Thoreau and contemporary American nonfiction narrative prose of place
Morris, Wesley A.
Doctor of Philosophy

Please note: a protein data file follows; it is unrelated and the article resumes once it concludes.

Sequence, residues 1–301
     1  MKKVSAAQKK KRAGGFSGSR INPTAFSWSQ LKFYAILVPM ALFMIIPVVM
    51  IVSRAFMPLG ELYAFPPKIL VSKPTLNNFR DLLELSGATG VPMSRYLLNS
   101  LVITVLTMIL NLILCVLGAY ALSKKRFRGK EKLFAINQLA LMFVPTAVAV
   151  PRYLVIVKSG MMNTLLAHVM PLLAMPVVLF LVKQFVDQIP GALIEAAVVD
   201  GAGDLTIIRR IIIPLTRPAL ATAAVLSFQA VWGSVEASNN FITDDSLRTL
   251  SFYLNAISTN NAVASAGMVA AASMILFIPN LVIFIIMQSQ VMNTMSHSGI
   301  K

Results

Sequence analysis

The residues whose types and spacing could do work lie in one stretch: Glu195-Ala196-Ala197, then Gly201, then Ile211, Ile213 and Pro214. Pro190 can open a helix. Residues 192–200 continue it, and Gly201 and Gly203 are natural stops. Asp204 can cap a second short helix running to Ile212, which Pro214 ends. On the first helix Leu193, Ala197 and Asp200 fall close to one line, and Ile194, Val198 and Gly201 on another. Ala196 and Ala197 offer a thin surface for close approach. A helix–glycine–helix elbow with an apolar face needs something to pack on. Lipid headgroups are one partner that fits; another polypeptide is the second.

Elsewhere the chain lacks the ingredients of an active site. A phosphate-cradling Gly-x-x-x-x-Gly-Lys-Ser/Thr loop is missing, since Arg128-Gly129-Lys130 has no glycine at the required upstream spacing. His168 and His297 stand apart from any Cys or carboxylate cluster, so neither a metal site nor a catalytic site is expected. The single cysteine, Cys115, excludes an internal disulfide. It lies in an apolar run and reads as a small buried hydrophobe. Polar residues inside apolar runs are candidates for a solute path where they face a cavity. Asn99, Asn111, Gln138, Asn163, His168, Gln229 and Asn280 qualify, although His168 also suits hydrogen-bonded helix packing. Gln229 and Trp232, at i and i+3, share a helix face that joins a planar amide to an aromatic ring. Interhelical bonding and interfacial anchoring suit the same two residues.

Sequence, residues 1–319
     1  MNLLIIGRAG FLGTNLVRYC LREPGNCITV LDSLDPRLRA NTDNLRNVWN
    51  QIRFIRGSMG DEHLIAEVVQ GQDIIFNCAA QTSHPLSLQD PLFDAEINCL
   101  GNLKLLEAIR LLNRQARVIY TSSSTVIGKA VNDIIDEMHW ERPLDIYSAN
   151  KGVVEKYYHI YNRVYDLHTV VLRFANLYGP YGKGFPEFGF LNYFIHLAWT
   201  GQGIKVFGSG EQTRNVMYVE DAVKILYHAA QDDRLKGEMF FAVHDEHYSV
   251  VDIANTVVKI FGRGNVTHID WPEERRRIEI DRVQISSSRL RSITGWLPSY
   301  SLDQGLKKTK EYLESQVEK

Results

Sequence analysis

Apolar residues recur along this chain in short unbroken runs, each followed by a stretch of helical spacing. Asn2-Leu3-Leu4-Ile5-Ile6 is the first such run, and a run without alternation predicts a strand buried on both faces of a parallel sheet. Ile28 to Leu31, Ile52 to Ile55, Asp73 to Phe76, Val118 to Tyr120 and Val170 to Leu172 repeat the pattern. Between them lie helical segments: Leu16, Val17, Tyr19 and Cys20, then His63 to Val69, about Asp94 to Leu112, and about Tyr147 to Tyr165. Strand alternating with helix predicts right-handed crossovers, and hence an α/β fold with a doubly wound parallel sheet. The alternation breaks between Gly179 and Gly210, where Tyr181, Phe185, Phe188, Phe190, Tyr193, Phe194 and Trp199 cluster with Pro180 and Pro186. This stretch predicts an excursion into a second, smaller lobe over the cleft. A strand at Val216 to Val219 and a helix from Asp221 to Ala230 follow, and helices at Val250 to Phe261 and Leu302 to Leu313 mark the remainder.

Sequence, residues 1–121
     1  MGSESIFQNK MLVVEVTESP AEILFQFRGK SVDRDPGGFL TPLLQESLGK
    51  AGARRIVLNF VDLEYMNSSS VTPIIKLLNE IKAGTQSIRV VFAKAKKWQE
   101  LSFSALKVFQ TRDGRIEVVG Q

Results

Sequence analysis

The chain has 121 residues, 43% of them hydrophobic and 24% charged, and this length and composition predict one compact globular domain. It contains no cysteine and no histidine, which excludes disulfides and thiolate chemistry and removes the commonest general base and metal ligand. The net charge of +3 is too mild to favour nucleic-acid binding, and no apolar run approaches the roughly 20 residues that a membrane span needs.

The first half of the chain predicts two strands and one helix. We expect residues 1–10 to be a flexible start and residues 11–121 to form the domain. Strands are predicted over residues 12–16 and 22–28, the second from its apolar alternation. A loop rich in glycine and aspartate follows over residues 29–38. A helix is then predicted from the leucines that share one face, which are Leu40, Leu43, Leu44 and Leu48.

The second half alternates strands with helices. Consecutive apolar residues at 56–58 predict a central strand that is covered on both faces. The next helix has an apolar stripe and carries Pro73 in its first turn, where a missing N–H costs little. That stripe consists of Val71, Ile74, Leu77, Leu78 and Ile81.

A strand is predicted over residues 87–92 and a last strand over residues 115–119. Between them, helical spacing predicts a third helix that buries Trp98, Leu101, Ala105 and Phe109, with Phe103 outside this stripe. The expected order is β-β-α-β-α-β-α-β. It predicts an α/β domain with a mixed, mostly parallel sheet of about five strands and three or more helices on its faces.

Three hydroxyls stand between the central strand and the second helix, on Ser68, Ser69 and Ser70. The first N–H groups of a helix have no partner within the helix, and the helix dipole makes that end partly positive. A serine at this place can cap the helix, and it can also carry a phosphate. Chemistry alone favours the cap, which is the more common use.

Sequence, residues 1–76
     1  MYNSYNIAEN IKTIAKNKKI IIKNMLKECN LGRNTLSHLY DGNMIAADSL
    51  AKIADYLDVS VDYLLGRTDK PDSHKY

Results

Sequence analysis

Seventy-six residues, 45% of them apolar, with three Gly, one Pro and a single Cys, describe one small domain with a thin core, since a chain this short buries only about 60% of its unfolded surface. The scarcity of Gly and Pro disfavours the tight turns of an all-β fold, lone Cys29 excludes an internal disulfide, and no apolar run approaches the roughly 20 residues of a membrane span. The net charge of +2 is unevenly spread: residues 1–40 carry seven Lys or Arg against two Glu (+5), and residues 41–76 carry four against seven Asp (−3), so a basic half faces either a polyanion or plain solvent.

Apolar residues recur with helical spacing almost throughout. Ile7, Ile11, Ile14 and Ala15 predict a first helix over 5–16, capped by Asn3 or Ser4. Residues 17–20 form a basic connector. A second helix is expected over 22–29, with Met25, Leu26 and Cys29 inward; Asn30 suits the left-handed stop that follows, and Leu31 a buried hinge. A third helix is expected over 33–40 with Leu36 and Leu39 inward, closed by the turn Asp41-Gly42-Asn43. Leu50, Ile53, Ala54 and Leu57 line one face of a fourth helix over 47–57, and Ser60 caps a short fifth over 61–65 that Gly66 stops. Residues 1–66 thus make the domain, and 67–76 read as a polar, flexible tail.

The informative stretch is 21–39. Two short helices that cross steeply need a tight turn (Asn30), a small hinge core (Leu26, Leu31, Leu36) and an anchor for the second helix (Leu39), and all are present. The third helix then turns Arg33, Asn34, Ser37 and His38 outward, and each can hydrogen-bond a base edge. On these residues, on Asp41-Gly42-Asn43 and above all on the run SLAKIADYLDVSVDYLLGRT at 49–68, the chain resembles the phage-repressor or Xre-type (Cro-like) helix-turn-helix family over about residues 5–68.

Thoreau is read chiefly as the author of the only two books he published during his life, A Week on the Concord and Merrimack Rivers and Walden. However, Thoreau composed two other books, Cape Cod and The Maine Woods, which reveal a very different Thoreau in relation to time and place. A rhetorical analysis of the dialectic between lyrical, or metaphorical, nonnarrative and metonymic narrative in Thoreau's four books reveals a Thoreau increasingly engaged in natural and temporal human practice. By contrast with metaphorical writing's greater self-referentiality and insistence on its own mediation of experience, metonymy in conjunction with the mimesis of a narrative plot serves Thoreau simultaneously to mediate temporal human practice and yet also to point toward practice apart from mediation. In this way, metonymic narrative demonstrates simultaneously the necessity of human construction of experience and yet the contingency of human construction too. Such narrative, then, combines daring with deference to all that eludes construction. This disposition toward living and writing makes possible the articulation and exploration of crucial questions like how consciousness relates to practice, whether preservation of wilderness is necessary, and whether natural life is imperative and human life expendable. A rhetorical analysis of Thoreau's four books not only reveals a more historically engaged Thoreau than emerges when he is read as the author of only A Week and Walden, but it also shows Thoreau's rhetorical and thematic relation with several contemporary writers of nonfiction narrative prose of place. James Agee's Let Us Now Praise Famous Men perhaps more than any other single contemporary work embodies the conflict of rhetoric and purposes of all four of Thoreau's books. Looking at Agee in light of Thoreau as the author of four books illuminates within American nonfiction prose of place a persistent conflict between rhetorical strategies and related psychosexual and epistemological goals. However, the more this conflict resolves itself in favor of the rhetoric of metonymic narrative, as it does in Thoreau's Cape Cod and The Maine Woods and in William Least Heat Moon's Blue Highways, John McPhee's narratives, Ann Zwinger's Run, River, Run, and Edward Abbey's Desert Solitaire, the more salient become the themes of social criticism.